Russia’s opposition has turned into a hero cult. What was a protest movement has morphed into a one-man show called Alexei Navalny.

The man who first fought Russian corruption with crowdsourcing is now running for mayor of Moscow. But for his 10,000 volunteers, mostly kids in their early 20s with no Soviet memories, he is already president.

His campaign “feedback sessions” resemble a rock star meeting the fans. When Navalny shows up, the volunteers chant his name. When he speaks they rush up, trying to get his signature or shake his hand.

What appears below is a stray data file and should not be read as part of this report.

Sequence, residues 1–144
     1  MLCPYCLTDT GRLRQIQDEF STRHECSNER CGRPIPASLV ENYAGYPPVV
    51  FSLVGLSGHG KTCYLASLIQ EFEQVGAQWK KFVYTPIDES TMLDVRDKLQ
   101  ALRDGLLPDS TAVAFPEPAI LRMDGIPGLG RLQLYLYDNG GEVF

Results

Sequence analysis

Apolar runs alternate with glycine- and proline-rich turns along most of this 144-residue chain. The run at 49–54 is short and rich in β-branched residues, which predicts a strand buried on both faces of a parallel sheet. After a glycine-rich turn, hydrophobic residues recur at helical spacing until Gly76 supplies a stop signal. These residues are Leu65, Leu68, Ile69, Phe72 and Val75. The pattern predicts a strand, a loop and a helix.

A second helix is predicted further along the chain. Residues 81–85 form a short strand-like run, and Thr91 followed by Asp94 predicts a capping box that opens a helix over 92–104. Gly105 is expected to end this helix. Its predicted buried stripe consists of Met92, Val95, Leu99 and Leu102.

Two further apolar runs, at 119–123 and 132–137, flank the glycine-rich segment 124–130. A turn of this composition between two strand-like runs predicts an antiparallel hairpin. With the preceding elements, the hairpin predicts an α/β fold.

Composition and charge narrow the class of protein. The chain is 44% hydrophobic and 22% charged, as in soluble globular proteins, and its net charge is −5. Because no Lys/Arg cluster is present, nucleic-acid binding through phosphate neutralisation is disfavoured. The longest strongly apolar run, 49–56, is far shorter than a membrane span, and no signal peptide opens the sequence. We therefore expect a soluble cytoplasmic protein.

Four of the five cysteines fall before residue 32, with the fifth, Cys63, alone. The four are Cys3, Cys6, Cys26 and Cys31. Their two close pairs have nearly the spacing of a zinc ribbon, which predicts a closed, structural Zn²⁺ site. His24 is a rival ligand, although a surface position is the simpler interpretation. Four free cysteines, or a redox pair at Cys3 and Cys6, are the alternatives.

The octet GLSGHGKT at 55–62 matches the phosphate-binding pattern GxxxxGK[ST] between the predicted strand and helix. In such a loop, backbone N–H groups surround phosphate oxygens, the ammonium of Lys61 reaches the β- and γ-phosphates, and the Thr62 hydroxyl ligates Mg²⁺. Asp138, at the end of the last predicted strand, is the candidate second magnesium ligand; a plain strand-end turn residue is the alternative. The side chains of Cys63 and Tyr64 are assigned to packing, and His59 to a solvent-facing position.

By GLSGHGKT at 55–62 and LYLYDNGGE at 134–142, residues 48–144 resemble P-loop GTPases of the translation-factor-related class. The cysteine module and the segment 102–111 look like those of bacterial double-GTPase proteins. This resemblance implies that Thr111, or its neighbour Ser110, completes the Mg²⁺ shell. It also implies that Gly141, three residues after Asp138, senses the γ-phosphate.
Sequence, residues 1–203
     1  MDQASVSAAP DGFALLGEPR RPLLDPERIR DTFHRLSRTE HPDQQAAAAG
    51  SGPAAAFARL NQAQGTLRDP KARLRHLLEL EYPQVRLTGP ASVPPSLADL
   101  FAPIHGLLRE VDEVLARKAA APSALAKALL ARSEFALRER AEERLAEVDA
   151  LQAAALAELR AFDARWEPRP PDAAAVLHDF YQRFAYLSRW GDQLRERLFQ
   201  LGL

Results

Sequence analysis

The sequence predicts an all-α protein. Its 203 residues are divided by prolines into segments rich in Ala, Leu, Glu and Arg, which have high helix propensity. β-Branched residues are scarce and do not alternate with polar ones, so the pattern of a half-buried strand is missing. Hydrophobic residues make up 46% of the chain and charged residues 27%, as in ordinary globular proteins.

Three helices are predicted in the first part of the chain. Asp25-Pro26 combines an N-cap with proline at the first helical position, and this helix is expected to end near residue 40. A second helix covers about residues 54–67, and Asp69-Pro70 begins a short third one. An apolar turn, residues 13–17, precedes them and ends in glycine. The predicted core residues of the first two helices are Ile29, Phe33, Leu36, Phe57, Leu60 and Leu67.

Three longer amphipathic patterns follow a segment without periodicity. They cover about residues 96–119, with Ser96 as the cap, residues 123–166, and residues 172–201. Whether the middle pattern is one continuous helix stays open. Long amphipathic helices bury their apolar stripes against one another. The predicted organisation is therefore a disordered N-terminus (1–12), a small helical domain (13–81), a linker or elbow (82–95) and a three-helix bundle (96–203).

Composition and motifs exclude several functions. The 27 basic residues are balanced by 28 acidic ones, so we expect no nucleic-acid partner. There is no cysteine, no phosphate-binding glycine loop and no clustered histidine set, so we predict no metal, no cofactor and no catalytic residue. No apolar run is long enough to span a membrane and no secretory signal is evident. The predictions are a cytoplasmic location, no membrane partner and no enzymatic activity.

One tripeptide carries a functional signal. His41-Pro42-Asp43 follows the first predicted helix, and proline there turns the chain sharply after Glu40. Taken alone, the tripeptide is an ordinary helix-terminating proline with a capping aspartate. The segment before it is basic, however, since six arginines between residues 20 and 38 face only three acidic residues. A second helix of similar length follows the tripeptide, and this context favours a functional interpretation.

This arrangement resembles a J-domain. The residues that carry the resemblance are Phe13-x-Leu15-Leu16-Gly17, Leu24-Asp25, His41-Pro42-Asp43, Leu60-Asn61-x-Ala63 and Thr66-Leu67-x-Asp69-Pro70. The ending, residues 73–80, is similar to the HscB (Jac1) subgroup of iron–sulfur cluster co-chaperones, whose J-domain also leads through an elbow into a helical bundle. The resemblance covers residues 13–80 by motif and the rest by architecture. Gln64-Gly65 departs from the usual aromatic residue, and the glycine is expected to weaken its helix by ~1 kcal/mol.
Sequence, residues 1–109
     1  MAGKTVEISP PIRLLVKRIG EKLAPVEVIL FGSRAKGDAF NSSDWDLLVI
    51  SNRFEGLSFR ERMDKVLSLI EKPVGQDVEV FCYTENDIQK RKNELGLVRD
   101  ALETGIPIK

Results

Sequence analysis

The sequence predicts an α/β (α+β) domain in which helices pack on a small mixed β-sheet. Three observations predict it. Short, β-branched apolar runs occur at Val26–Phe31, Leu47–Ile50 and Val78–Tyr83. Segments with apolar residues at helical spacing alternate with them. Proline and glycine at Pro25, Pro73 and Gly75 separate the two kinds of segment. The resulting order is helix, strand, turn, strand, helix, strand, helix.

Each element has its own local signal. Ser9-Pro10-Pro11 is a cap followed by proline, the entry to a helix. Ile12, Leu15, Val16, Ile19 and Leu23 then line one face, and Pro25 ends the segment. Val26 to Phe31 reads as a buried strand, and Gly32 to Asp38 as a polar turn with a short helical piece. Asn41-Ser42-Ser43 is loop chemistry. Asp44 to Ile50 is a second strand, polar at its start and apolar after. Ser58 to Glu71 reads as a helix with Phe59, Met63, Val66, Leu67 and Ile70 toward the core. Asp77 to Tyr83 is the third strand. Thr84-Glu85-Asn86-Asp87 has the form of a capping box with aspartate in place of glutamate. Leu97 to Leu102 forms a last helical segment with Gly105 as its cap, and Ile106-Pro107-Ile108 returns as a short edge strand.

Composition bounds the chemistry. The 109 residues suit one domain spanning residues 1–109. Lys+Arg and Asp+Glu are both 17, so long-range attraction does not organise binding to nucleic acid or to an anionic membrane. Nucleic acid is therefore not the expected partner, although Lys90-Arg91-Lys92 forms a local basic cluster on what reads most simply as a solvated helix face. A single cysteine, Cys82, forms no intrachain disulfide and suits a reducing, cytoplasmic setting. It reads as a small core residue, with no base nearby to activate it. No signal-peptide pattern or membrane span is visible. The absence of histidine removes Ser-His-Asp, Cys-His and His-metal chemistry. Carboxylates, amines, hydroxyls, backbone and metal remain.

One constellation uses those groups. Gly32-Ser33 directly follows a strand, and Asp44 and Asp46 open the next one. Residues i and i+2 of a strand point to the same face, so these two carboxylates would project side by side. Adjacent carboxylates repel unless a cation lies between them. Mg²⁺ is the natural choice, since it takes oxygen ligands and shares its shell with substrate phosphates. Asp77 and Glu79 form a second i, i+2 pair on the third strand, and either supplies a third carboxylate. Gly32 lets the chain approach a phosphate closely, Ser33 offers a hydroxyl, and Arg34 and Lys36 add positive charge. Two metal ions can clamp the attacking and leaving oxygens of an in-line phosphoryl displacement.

Navalny’s charisma matters more than his politics. His volunteer army is vague on his policies — some are banal, like a paid parking system, some worrying, like hiring a “private security firm for the city.”  But the volunteers are not vague when talking about his greatness.

Why Navalny? This triggers a flood of adjectives. He’s strong, his supporters say, honest, beautiful, charismatic and powerful. It triggers moralistic outburst — “Russia must live without lies.” But it always comes down to this: “Only Navalny is tough enough to take down Putin.”